Saturday, November 19, 2011

Hill Farms

Co-Workers of my Grandpa Fitzpatrick at
Humboldt Hill Farm:  'Illegal' Canadians?
We often hear about illegal aliens working in America nowadays.  We normally think of them as coming from Mexico, South America, or even refugees that have entered the country illegally.

This problem is nothing new.  About a century ago, Kittson County Sheriffs faced the same problem, except the illegal aliens were coming from the north - Canada.  The irony of it is, manpower was in short supply in the local area, and these Canadian men were more than willing to work, yet the law sought to kick them out back to Canada.
In two cases involving Canadian employees on the Red River Valley estates, Hill tried and failed to leverage support from Minnesota's former governor, Senator Knut Nelson.  The first problem began in 1913 when Walter Hill, at his father's insistence, hired a Canadian veterinarian recommended by Thomas Shaw and ran into problems with the Immigration Bureau.  In March 1914 James Hill wrote to Nelson, asking him to intervene, but with no success.  A similar conflict arose in 1915 on Hill's bonanza estate at Humboldt, which had remained primarily a productive wheat farm, raising extensive crops under hired management.  In 1915 problems emerged with the farm's traditional Canadian labor force when the sheriff arrived in the middle of harvest and "took away four...shockers."  They were charged as illegal aliens, but Hill's manager asserted that the men had been working on the farm without trouble for fifteen years.  Hill again turned to Senator Nelson for help, but despite his protestations, the men were deported back to Canada.  Hill did not let the matter rest.  He asserted that immigration officials aimed to "make fees" by bothering "a number of poor men who...are trying to earn a living." The acting secretary of labor.  J.B. Densmore, corrected Hill, pointing out that the agents did not profit from arrests; he then closed the case and refused to make further inquiries.  Thus, by 1915 Hill's political influence had virtually vanished.  Without the muscle of the railroad and with few federal connections, Hill found himself in the uncomfortable role of a private citizen...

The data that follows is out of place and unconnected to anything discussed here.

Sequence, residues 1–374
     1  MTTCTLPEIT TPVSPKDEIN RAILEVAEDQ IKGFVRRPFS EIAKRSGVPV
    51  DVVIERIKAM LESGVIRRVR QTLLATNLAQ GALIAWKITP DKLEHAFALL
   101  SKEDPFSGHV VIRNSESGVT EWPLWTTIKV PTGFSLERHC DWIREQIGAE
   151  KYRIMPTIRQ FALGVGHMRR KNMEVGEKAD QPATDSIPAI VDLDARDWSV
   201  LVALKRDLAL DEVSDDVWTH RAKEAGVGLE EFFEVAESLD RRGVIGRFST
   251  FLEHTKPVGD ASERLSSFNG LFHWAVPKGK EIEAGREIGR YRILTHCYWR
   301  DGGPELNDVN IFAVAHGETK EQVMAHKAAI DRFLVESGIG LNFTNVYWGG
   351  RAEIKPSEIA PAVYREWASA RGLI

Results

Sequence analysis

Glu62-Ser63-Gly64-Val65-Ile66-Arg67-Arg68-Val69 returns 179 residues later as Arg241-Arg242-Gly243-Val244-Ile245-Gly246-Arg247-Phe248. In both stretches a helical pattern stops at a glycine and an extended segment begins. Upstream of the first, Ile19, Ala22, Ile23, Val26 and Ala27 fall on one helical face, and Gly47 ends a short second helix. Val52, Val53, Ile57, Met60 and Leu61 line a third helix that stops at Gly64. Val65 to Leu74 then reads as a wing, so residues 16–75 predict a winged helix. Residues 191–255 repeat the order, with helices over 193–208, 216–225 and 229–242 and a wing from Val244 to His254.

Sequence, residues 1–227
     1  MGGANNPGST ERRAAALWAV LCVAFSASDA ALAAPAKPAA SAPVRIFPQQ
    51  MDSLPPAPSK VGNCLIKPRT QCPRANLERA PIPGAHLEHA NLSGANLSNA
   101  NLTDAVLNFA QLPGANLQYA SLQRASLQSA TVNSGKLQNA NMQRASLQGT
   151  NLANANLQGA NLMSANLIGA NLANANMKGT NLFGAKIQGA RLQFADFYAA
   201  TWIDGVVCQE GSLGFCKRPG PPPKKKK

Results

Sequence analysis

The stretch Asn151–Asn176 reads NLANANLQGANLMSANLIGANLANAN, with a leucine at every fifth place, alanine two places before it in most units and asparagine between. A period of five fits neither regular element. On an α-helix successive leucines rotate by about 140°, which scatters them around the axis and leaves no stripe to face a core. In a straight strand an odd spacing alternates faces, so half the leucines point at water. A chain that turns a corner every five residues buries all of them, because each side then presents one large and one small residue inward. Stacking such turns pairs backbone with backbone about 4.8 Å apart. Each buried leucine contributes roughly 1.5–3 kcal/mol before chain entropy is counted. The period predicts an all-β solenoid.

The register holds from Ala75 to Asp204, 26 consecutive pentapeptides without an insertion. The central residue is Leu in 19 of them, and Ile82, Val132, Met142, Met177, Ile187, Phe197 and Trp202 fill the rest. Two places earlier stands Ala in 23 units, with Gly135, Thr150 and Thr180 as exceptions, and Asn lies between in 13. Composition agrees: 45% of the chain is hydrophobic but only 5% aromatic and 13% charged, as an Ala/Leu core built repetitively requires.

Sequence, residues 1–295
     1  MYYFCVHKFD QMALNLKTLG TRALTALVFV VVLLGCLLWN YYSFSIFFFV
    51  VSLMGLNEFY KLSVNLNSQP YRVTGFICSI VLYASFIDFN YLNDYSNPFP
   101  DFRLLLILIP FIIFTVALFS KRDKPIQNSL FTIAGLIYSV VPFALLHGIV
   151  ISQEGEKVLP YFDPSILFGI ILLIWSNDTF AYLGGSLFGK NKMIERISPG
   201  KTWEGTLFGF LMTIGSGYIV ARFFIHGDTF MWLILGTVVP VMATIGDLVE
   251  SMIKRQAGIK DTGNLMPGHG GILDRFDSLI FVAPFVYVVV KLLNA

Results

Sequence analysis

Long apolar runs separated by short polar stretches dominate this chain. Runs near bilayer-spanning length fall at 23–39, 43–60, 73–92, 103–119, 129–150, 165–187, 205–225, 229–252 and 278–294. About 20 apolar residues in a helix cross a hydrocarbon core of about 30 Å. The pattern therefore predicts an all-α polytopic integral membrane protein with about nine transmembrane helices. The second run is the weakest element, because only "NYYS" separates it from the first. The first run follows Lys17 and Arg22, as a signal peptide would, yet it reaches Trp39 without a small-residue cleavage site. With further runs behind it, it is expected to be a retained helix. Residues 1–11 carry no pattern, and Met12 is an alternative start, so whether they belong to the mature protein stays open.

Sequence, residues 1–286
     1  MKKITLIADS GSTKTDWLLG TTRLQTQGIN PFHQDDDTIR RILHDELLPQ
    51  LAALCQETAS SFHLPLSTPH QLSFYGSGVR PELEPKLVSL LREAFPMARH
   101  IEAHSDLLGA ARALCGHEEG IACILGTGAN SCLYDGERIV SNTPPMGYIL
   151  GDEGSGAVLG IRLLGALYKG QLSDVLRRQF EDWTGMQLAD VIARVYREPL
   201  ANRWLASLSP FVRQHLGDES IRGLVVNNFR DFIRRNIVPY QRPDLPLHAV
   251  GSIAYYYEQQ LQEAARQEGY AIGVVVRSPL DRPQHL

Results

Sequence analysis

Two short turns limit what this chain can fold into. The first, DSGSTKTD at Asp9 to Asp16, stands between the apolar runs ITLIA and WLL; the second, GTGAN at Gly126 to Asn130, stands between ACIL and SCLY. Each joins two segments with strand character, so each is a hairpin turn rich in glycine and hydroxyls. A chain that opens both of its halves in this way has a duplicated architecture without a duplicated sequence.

From Profiting from the plains: the Great Northern Railway By Claire Strom
Two men my Grandpa Fitzpatrick worked with at
the Hill Farm in Humboldt, in the early 1900's...
"James J. Hill Banished his Errant Son to Kittson County"
by Ruth Hammond
Minneapolis Tribune / October 7, 1978

Northcote, Minn. - Marva and Byron Hanson's farm is only a shadow of what it once was.  The great wooden doors are so weathered they've been painted over.  The 20-yard swimming pool is cracked and empty.  Buttons to summon the butler or maid are covered with rugs.  And the two tiled fireplaces upstairs are shut off because the four downstairs are sufficient. Not only that, but the Hanson family corporation owns a mere 5,000 acres while the estate's original owner owned 50,000.

The owner was railroad magnate James J. Hill, who built the farm six miles north of Hallock, Minn., for his 30-year-old son, Walter J. Hill, in 1912 (it was built for only $49,000.)  The "Empire Builder" wanted to get his son "out of St. Paul because he was such a tycoon."  Marva Hanson, 55, said "of course, he was a tycoon up here, too."  Local historians say Walter Hill simply transported his parties from St. Paul to Northcote via his father's "line of rust."
Trivia:  Ed Cameron from St. Vincent, was the principal builder and contractor for the original Hill Estate in Northcote.  Ed and his crew were responsible for the  barns, bunkhouses, and other outbuildings, which were built in 1911.
Hill Farm in 1930s
[Click to Enlarge]